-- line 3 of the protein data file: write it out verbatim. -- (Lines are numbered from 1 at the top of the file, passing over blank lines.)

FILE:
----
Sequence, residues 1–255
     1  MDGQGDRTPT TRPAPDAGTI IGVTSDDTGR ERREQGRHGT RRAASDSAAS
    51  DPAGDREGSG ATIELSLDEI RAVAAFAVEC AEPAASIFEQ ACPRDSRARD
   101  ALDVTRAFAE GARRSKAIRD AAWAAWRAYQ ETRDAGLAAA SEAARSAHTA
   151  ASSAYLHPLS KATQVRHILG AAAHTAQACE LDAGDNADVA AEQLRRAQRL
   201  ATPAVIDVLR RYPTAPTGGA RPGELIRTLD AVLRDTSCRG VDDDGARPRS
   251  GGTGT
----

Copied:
    51  DPAGDREGSG ATIELSLDEI RAVAAFAVEC AEPAASIFEQ ACPRDSRARD